Fatal Shootings of Police Officers Are on the Rise

By Kevin Johnson, USA TODAY

Updated 10h 2m ago

WASHINGTON — Police officer deaths, including those fatally shot in the line of duty, are on pace to rise for the second straight year, despite a sustained decline in violent crime across the country.

Officer deaths continue to rise as violent crimes simmer nationwide.

Overall officer deaths are up 14% so far in 2011, while deadly shootings have increased by 33%, according to a midyear report by the National Law Enforcement Officers Memorial Fund, which tracks law enforcement fatalities.

If fatal shootings continue at the current rate, gunfire-related deaths would represent the primary cause of officer fatalities this year, according to the report. For the past 13 years, traffic incidents have accounted for the largest number of officer deaths.

The police group found that deadly shootings reached a 20-year high in the first half of this year. Forty officers were killed by gunfire, up from 30 in the first six months of 2010.

Craig Floyd, the memorial fund’s chairman, said the numbers suggest that recent cuts in local law enforcement training and equipment budgets because of the economy may be contributing to the increase in deaths.

“When you slash those budgets time and time again, you are putting communities at risk and officers at risk,” Floyd said.

Police deaths

Number of fatal police shootings by year: 2007: 69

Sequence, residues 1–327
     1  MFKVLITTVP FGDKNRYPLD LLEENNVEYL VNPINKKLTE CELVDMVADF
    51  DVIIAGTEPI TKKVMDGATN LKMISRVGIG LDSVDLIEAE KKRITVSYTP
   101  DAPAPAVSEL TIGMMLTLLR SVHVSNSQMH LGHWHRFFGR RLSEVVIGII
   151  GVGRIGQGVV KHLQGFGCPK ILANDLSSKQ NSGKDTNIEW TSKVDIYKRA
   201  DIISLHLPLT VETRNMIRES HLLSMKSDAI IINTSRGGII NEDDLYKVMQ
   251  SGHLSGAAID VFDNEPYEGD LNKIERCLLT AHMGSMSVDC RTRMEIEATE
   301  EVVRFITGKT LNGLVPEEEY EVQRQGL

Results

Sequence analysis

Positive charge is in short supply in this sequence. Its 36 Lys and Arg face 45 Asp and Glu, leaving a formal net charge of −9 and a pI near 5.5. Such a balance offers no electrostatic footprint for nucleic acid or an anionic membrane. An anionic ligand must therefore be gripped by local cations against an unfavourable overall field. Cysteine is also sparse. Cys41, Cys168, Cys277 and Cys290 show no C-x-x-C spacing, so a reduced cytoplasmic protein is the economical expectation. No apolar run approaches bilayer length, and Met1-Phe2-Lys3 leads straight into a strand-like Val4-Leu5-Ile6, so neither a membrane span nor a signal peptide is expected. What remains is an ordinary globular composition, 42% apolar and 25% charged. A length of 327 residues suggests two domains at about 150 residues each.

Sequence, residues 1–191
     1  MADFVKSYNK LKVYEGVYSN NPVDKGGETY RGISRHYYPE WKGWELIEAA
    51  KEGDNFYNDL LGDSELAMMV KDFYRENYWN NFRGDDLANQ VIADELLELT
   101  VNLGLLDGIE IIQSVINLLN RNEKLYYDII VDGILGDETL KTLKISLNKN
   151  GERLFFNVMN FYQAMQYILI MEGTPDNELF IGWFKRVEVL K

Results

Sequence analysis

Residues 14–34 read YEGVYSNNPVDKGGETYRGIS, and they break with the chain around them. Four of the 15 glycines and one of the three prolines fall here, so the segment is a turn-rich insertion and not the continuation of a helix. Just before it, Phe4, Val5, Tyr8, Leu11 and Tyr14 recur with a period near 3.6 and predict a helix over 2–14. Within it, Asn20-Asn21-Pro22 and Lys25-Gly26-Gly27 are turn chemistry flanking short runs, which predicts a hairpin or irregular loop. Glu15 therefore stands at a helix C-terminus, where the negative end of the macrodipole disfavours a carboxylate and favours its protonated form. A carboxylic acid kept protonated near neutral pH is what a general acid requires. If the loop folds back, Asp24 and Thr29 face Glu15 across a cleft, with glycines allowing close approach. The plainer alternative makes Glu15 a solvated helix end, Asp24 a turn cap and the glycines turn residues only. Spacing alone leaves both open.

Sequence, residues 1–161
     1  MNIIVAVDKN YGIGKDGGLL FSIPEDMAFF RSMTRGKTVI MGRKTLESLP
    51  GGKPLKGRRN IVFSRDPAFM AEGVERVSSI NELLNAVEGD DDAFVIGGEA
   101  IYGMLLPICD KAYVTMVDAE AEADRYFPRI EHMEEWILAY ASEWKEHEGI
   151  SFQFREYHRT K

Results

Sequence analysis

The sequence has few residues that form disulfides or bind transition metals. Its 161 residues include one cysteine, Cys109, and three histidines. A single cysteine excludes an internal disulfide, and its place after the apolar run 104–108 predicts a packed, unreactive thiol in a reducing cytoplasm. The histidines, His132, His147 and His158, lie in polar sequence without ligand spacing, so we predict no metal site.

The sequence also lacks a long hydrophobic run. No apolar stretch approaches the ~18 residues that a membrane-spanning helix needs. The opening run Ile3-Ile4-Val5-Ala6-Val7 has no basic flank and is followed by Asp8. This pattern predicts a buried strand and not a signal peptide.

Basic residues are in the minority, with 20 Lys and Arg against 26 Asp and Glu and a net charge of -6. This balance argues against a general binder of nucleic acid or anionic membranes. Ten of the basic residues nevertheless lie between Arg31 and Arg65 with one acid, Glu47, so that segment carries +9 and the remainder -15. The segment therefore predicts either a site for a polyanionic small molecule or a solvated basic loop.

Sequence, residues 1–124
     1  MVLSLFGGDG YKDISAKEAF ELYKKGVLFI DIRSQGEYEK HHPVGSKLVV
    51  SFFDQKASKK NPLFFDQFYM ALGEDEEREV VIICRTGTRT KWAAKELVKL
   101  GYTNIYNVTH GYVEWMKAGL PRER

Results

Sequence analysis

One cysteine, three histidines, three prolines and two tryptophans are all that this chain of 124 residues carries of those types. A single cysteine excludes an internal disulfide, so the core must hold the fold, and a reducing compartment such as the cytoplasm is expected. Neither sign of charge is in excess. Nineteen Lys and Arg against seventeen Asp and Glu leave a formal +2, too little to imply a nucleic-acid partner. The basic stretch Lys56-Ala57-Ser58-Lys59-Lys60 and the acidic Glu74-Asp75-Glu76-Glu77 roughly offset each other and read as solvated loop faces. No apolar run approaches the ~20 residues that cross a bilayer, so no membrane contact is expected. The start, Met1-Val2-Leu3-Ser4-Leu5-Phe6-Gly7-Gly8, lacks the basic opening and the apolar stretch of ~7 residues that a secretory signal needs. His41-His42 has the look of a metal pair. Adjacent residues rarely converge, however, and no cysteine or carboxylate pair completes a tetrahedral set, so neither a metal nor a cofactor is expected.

2008: 40
2009: 49
2010: 59

Source: National Law Enforcement Officers Memorial Fund

Last year, nearly 70% of police agencies cut back or eliminated training, according to a survey of 608 departments conducted by the Police Executive Research Forum, a law enforcement think tank.

Bernard Melekian, director of the Justice Department’s Office of Community Oriented Police Services, said it was “too early” to conclude that budget reductions were linked to the rising deaths.

He said the number of officers killed in apparent ambushes “are a concern to me.”

“We need to spend more time (analyzing) cases classified as ambushes,” Melekian said, referring to an informal review of this year’s shooting deaths.

Before the end of January in Miami and St. Petersburg, Fla., four officers died in ambush-style attacks as police attempted to serve arrest warrants.

John Rivera, president of the Florida Police Benevolent Association, said he was attending memorial services for two of the officers in Miami, when he learned that two others were killed in St. Petersburg.

“What we have seen in recent cases is that the bad guys are simply outgunning our guys,” Rivera said. “It’s like we’re showing up with bows and arrows when they have AK-47s (assault rifles).”

The sharp spike in the 2011 numbers is due partly to a deadly January, when 11 officers were fatally shot. In one 24-hour period that month, three officers were killed and eight wounded in shootings across the country.

The mounting casualties prompted Attorney General Eric Holder to launch a federal officer-safety initiative in March that required federal prosecutors to meet with state and local police to ensure they were taking advantage of federal grants for bullet-resistant vests, training and other resources.

Melekian said he was meeting with Justice officials Wednesday to determine what more the federal government could do to assist local law enforcement agencies.

“This has been a very violent first part of the year,” Rivera said. “If this continues, it could be one of the deadliest in the history of Florida.”

Comments are closed.